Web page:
Fermented foods have been eaten by our ancestors for generations, because it was one of the easiest ways to preserve food before refrigeration was available. Rather than just preserving food, however, fermentation also enhances the nutrient content of food. Even more important for those experiencing IBS, it aids in digestion by encouraging a healthy and balanced gut environment.
For these reasons, people everywhere should aim to include fermented foods to their diets, and in particular those like me who suffer from poor digestive health.
Fermented foods are those which contain a live culture, or bacteria, called lactobacillus. Various types of these microorganisms exist naturally on the surface of plants as well as in our mouths and digestive tracts. This bacteria feeds on the carbohydrates and natural sugars found in food, converting them into lactic acid. Breaking them down also makes the nutrients and carbohydrates easier for the body to absorb. Furthermore, lactic acid is a natural preservative that inhibits the growth of toxic bacteria and promotes the growth of healthy bacteria to help digestion and encourage the absorption of nutrients. This growth of healthy bacteria in the gastrointestinal tract also boosts the immune system!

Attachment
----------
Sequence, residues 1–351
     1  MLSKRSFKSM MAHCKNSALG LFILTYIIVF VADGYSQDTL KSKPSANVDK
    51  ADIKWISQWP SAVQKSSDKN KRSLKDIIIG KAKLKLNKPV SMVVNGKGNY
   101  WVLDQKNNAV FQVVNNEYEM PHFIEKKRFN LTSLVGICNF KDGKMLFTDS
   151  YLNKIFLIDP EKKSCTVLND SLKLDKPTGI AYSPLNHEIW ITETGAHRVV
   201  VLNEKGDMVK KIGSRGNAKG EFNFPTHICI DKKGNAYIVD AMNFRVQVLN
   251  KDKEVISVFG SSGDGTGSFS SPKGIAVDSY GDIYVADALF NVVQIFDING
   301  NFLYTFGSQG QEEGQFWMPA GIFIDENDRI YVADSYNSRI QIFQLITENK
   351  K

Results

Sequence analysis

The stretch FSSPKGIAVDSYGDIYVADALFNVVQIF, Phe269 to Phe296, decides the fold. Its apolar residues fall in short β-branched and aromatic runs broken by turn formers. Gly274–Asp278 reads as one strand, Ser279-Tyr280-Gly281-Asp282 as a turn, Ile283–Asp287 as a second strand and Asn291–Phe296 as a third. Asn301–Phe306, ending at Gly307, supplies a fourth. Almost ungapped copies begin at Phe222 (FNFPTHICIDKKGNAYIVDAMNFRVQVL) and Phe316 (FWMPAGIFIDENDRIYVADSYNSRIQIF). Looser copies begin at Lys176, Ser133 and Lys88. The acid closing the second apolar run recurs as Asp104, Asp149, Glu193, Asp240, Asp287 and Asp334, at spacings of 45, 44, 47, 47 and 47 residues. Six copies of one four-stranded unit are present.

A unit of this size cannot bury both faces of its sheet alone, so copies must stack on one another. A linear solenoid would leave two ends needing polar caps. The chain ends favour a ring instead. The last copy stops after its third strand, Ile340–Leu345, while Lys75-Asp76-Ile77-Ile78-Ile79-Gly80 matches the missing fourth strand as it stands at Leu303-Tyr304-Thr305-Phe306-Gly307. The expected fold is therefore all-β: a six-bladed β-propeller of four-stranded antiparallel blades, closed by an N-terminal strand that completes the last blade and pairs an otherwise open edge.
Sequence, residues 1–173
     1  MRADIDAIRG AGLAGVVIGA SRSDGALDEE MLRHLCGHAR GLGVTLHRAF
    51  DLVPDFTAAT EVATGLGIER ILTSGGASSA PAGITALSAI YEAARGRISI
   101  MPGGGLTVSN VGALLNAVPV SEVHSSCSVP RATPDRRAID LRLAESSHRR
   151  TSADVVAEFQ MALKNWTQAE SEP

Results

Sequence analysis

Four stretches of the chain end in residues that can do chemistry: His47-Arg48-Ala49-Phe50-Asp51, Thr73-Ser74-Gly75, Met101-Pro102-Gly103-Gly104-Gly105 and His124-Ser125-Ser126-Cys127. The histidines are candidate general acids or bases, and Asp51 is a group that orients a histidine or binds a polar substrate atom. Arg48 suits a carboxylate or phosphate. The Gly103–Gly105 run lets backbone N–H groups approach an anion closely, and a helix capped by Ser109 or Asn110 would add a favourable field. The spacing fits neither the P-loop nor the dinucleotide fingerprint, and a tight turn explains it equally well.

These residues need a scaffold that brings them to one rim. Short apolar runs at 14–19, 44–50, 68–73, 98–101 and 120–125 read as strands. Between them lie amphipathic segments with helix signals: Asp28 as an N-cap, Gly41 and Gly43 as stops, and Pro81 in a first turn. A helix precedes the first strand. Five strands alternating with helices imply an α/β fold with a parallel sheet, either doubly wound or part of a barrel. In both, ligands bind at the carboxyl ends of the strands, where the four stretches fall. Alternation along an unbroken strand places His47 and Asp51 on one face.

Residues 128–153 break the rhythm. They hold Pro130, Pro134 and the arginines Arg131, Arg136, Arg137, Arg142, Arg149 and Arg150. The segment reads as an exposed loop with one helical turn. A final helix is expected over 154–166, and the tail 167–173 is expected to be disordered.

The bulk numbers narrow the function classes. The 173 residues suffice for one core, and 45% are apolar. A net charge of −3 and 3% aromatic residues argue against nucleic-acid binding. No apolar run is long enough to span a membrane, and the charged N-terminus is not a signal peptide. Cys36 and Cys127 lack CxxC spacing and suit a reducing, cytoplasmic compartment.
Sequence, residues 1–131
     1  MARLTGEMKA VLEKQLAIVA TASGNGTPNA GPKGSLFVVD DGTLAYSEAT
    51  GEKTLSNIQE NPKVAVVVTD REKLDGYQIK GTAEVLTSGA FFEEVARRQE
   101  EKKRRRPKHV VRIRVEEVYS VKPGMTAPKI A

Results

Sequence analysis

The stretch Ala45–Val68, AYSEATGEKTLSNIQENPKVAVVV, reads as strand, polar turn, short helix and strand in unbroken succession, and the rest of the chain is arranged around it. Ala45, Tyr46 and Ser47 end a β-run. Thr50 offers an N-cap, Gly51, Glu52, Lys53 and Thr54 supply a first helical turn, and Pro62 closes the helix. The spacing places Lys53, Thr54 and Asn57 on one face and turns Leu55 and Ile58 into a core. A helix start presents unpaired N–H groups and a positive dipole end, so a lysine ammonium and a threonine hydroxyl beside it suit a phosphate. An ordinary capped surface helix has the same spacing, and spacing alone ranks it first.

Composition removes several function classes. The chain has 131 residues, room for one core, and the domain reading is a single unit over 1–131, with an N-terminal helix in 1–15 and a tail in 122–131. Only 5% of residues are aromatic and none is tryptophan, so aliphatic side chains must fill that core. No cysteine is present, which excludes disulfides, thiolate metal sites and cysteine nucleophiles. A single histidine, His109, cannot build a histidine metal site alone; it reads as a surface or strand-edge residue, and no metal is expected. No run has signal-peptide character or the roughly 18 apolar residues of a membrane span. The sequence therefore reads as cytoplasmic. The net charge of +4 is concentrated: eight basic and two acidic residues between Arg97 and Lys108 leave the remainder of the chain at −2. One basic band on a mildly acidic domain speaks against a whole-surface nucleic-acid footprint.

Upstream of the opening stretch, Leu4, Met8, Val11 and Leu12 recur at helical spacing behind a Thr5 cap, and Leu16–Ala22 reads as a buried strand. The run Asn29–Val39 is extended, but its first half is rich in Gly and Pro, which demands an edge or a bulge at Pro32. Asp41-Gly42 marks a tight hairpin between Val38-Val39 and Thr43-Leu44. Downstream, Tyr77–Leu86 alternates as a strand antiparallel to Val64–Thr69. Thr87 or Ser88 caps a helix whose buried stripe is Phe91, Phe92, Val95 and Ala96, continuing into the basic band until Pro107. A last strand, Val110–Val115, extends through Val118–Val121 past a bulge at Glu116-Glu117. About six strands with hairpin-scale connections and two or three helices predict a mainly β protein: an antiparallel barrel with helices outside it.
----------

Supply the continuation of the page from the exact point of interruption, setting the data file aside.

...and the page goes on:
Now, those with IBS may be following a low-FODMAP diet
This is a diet plan that identifies several groups of carbohydrates that are difficult for the small intestine to digest. As a result, they arrive in the large intestine fairly intact and ferment there when they interact with bacteria. Such fermentation produces gas and causes the painful bloating and cramping symptoms associated with IBS. Adding foods that are already fermented to your diet may reduce these symptoms because it helps to nourish the good bacteria found in your gut, which will then neutralize the harmful bacteria there and help to break down the carbohydrates before they reach the large intestine and ferment there.
Fermented foods are easy to find in stores and even easier to make yourself as long as you are able to find a live culture. Some common fermented foods are sauerkraut (fermented cabbage), kefir, yogurt, miso and kimchi, but it’s very easy to ferment many different kinds of vegetables such as beets, carrots, beans, turnips, and pickles. Stay tuned for some of my favorite fermented ingredients and how to prepare them into delicious and healthy meals!
Fermentation and Gut Health!
I suffer from IBS, here’s how fermented foods improved my digestion and boosted my immunity.